Our other educational programs in Afghanistan: Save the Children has many years of experience in working with Afghan refugees in Pakistan. In recent years, Save the Children, in cooperation with UNICEF, has led a multi-agency campaign to improve the educational environment for Afghan children in Afghanistan and in refugee villages. An “Education for Afghans” initiative assessed educational needs and outlined a strategy for increasing children’s access to education, improving the quality of education, and strengthening the capacity of the education sector.

Subsequent work has involved leading a multi-agency initiative with UNICEF to develop Basic Competencies of learning in mathematics and language (guidelines on what children should know, understand and be able to do at the end of each primary grade) and teaching-learning materials that have been included in the Interim Authority Ministry of Education’s “Back to School Campaign.” Save the Children is participating in the “Back to School” program in areas where it operates – Faryab and Sari-Pul provinces in northern Afghanistan and in Kabul Province -- by distributing education materials, conducting a school-awareness campaign, establishing Parent-Teacher Associations and by reconstructing and building schools. Where the buildings are not yet ready for children, Save the Children is helping communities set up temporary tents to house classes.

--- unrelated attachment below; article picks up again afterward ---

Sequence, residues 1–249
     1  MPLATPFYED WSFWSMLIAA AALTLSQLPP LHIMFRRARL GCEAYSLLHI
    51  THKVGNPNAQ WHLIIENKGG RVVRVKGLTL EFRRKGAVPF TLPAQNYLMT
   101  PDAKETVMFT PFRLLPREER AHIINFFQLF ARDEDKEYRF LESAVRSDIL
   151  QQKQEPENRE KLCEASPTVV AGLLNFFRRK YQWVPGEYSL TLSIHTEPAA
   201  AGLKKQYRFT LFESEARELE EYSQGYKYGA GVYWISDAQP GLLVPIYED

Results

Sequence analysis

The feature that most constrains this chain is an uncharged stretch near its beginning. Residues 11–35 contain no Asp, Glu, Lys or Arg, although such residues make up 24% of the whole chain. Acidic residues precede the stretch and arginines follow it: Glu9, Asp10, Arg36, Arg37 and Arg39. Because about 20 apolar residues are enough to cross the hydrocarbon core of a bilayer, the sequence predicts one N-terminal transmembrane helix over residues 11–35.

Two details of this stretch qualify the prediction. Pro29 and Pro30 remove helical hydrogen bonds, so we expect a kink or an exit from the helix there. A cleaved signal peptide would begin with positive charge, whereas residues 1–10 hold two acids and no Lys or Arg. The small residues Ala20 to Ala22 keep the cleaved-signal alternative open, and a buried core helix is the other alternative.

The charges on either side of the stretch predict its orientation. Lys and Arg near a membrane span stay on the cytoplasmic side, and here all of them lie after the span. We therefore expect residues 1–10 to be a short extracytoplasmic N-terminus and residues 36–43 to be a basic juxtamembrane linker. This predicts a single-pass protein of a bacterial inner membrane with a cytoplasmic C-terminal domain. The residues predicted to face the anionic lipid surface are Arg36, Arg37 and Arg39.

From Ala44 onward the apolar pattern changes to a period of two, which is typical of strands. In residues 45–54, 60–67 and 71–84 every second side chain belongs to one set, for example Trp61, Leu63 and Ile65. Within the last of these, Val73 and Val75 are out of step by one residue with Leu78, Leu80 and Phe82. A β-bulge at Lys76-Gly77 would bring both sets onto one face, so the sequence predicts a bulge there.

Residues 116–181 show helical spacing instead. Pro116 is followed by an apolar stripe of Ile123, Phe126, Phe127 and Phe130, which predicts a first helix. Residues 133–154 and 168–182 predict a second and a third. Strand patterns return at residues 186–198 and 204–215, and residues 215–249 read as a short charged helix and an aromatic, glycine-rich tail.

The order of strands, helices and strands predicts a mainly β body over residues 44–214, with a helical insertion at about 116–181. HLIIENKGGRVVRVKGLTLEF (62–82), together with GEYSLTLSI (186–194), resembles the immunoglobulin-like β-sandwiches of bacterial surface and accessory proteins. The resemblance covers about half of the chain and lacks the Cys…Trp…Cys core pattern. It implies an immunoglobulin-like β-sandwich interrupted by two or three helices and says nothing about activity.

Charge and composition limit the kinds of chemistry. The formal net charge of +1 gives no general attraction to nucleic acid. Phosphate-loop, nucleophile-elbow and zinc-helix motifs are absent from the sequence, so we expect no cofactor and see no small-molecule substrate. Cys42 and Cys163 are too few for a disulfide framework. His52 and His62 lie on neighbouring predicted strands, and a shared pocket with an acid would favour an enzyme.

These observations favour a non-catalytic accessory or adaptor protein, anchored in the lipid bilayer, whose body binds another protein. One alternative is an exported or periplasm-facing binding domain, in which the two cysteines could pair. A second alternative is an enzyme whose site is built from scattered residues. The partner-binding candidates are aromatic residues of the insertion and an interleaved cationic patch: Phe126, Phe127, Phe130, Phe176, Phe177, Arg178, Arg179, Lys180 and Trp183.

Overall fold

Schools “are in ruin”: But there is much to be done. A visit in March to Kabul and the Shamali Plains, one of the areas most badly affected by conflict, by Save the Children Director of Education Fred Wood illustrated that much of Afghanistan’s educational infrastructure is in ruins. “It was much, much worse than I expected,” said Wood. “It’s like a World War I battle site. Schools, where they are standing, are less like classrooms for children’s learning and more like caves, stripped of whatever materials, furniture, roofs, window frames, and doors that once made them lively centers of learning.”

Save the Children’s field office in Kabul will work with the Interim Ministry of Education and local partners, including communities, to rehabilitate 10 destroyed educational facilities in the Shamali Plains area.